I'm am not a coach, by any means. However I am fortunate enough to have access to some of the best minds in endurance sposts. So when people send in questions, I seek out their answers from the people who know best.
One such question came from a Chicagonow Radio producer who is new to running, training for the Bank of America Chicago Marathon, but also other races during her journey to Grant Park and needed some guidance on how to proceed. Luckily coach Jennifer Harrison was able to jump in and sort things out, if you are a runner, this is a great question and great advice.
"I know in June you really have to start the hard core marathon training - but what should I be doing now? I don't want to peak to early...I'm signed up for the Soldier Field 10 miler at the end of may and I was wondering if I should be focusing on the training program for that. I am currently running three days a week, 3,4,5 miles....I need to work on cross training - but it's just been easier to focus on running lately. What do you suggest?"
I have all my marathon athletes that are training for Chicago race and train for shorter distance races. Since you have the 10 miler over Memorial Day weekend, I would suggest increasing your long runs by 5% each week (no more than 10%) in prep for racing 10 miles in less than 7 weeks. That would set you up nicely for the beginning of marathon training June 1st.
If you can, I would increase your runs to 4/week. I tell my athletes that I think that is the magical number to see improvement, but not too much that you cannot do other things.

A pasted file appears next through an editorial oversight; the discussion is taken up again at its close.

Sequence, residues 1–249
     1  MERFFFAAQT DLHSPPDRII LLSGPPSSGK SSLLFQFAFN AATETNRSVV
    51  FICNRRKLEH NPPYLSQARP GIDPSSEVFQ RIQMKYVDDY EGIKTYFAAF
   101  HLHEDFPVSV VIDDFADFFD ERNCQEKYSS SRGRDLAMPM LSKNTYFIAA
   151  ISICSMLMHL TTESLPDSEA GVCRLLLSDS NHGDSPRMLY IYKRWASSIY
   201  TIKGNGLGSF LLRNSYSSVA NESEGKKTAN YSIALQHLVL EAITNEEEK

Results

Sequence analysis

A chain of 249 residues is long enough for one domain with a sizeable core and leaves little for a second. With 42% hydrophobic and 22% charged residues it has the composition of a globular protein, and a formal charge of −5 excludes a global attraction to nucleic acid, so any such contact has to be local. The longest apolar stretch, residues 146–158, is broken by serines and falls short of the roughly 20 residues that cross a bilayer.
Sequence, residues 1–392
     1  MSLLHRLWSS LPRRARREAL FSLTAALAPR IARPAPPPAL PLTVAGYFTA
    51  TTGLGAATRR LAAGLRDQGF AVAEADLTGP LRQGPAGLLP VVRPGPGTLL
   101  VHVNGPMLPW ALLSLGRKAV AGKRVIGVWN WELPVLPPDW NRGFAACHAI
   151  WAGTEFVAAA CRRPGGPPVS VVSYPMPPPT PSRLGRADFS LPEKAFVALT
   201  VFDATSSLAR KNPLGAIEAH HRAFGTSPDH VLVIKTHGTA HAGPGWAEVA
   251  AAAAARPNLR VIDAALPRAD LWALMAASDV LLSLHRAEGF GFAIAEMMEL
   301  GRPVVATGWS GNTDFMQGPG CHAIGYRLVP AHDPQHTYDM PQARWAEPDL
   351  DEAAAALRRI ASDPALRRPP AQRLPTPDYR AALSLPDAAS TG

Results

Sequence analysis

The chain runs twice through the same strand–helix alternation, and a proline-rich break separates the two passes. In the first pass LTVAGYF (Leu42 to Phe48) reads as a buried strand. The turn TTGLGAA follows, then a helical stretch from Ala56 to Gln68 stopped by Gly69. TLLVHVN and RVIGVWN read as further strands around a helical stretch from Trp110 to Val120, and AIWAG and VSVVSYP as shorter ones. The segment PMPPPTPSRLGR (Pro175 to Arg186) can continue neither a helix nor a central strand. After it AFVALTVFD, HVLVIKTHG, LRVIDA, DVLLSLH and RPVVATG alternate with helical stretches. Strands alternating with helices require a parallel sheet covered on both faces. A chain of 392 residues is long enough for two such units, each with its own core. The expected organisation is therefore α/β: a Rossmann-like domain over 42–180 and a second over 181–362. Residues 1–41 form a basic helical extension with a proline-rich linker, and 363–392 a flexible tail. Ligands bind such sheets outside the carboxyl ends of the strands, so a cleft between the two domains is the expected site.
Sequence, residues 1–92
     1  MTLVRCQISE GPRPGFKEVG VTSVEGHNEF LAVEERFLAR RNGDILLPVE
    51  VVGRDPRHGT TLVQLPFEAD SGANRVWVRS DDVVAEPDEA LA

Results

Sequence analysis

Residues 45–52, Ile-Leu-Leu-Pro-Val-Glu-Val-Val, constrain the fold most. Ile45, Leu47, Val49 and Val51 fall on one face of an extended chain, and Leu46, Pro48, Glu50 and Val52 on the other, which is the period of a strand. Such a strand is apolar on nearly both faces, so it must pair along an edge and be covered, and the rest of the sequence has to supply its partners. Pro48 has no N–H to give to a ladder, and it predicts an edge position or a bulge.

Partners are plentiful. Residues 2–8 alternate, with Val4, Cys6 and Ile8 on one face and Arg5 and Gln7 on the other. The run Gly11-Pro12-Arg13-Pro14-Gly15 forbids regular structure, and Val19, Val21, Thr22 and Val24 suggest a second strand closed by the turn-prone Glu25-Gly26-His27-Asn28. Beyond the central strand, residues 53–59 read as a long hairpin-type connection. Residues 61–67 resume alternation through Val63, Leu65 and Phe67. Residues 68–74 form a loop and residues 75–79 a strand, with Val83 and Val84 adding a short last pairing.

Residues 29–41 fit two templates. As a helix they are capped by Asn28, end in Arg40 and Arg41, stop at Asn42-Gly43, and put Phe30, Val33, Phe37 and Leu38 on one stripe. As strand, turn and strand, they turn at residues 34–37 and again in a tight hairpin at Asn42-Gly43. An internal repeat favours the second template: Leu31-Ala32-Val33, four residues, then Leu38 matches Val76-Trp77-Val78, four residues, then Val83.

I would also recommend adding in a day of Functional Strength. What I mean by this is a day where you spend 1 hour at the gym (either solo or with a personal trainer) working on lunges, strength, flexibility, core...and really focus on your body imbalances and smoothing things out on your body. This transfers over beautifully to a strong core and good form that is critical in running,...especially as you get tired and lose form.
I would also recommend 1 day of cross training. Do you like to swim
or bike? Something easy like that - where Heart rate is VERY low -
like 65% of your max HR...and just using different muscles.
In regards to your 4 runs per week...I would start to introduce, if you
have not yet, tempo runs//fartleks/hills or track workout....each run
has a purpose and needs to be done on fresh (not tired) legs to
maximize the workout. So, for example....your long run one day on the
weekend and then perhaps a HARD run (example listed above) on Wednesday
and then 2 easy and short runs on the other days of the week.
Make sure your heart rate is NOT always in that gray zone...what I mean
by that is always training at a moderate level...MAKE SURE your easy
days are easy and your hard days are hard!!!
I hope this helps! GOOD LUCK!
To find out how coach Jennifer can help you reach your training goals, click on her name below.